In the last two games, the Mountaineers  were careless with the football, turning it over four times in the opponents territory. The two end zone fumbles against South Alabama were especially maddening. Perhaps Appalachian will use those moments as a wake up call. It is not something you can do against Ohio and get away with. South Alabama was exceptional in playing keep away, running twenty-eight more plays than Appalachian and holding onto the ball for seven more minutes. That is the exact recipe that Ohio will try and replicate, minus the three first half interceptions by Cody Clements. Marcus Cox and Jalin Moore split carries for most of the night, but it was Cox who made the most of his fourteen attempts, compiling 192 yards, to Moore’s 84 yards. However it was Moore who starred as the closer, gaining over half of his yards on the final drive while scoring the go-ahead touchdown. 

If you had to compare how Ohio plays to any Sun Belt foe, the team that more closely resembles them is actually Appalachian. Both teams prefer no-nonsense football with good balance. Now, Ohio is a team that passes more often, with a 42/58 run/pass ratio on the season, compared to Appalachian, which sits at 33/67. Ohio has run about five more plays a game than Appalachian, but does not possess the explosiveness. That is where this game is won and lost on Saturday. The Mountaineers will lull you to sleep until those linebackers and safeties take one too many steps toward the line of scrimmage. Taylor Lamb can really sell the play action, partly because he is also a threat to run. Ohio has to deal with the Mountaineers’ defensive strategy that has paid off for the better part of the season. They will bring pressure from different angles while essentially playing two deep safeties. That has helped Appalachian as they lead the nation in red zone defense, only surrendering sixteen touchdowns in those situations. An Ohio win would mean a break from the norm. The Bobcats have struggled themselves in the red zone, ranking 109th out of 128 teams in FBS. I see a lower scoring game as both squads try and establish their identity, while the final score ultimately comes down to situational football, whether its special teams, or third down conversions. The team that makes fewer mistakes and makes that extra play or two on defense will be your winner.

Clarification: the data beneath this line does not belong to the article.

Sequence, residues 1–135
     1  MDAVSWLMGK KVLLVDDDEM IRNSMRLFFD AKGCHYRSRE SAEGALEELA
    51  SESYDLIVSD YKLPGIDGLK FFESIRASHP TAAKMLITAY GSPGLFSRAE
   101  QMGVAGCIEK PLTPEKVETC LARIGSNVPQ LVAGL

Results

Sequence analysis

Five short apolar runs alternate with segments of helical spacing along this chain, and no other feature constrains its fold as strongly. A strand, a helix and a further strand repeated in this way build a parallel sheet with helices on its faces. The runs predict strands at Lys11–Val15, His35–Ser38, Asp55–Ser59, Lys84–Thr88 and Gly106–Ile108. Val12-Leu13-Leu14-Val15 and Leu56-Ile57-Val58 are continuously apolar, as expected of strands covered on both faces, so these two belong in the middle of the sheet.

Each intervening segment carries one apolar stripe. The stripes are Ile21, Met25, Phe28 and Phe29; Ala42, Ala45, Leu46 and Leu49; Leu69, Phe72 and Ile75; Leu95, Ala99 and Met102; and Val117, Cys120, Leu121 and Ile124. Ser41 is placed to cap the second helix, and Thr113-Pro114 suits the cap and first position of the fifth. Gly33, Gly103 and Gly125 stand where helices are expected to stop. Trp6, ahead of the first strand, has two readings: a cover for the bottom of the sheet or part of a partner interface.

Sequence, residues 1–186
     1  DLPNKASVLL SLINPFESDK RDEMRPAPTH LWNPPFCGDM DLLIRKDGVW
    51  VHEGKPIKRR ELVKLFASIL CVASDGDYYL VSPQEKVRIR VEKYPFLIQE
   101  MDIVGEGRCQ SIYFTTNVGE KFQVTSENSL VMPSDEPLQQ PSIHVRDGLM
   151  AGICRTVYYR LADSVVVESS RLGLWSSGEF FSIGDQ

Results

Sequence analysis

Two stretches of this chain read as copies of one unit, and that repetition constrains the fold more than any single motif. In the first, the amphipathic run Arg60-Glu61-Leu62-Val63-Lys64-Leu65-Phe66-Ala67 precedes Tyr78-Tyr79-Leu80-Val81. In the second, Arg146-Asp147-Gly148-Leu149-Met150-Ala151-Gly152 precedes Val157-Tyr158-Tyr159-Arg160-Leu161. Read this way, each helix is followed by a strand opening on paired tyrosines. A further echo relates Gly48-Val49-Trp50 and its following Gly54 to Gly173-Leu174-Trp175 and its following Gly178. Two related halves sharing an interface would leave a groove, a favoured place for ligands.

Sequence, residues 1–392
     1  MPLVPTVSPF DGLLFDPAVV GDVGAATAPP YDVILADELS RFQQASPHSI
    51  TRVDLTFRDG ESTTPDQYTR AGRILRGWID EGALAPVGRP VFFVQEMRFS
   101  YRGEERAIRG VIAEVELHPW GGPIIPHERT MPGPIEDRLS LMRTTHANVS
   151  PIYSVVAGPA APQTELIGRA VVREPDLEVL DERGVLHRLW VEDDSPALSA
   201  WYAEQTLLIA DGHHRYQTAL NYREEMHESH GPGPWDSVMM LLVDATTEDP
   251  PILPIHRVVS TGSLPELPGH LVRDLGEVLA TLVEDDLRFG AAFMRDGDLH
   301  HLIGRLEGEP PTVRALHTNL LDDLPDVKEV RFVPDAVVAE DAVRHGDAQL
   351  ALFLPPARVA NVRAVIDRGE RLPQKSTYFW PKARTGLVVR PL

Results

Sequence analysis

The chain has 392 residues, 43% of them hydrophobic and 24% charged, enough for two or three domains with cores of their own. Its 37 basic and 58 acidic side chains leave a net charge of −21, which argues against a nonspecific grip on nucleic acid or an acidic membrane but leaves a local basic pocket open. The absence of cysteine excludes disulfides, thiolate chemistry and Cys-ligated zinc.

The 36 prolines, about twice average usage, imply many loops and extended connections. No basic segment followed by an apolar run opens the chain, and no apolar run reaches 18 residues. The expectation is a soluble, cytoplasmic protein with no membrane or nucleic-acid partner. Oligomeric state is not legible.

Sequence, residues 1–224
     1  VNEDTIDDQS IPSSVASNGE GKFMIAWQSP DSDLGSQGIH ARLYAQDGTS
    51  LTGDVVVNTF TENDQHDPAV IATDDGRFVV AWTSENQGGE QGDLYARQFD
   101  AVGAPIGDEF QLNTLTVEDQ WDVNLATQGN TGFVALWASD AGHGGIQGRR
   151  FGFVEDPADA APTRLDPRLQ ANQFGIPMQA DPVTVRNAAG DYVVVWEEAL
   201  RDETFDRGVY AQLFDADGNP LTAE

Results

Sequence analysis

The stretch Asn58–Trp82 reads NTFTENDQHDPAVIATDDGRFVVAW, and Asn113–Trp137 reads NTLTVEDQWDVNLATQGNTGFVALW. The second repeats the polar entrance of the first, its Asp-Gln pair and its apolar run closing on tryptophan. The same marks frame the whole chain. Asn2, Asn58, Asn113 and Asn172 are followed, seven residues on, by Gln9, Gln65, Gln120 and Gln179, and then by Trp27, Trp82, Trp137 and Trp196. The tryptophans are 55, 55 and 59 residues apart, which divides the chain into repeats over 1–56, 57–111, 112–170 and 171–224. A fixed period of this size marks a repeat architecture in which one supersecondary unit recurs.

The First Pick

Lil’ Catamounts      23

Mountaineers          30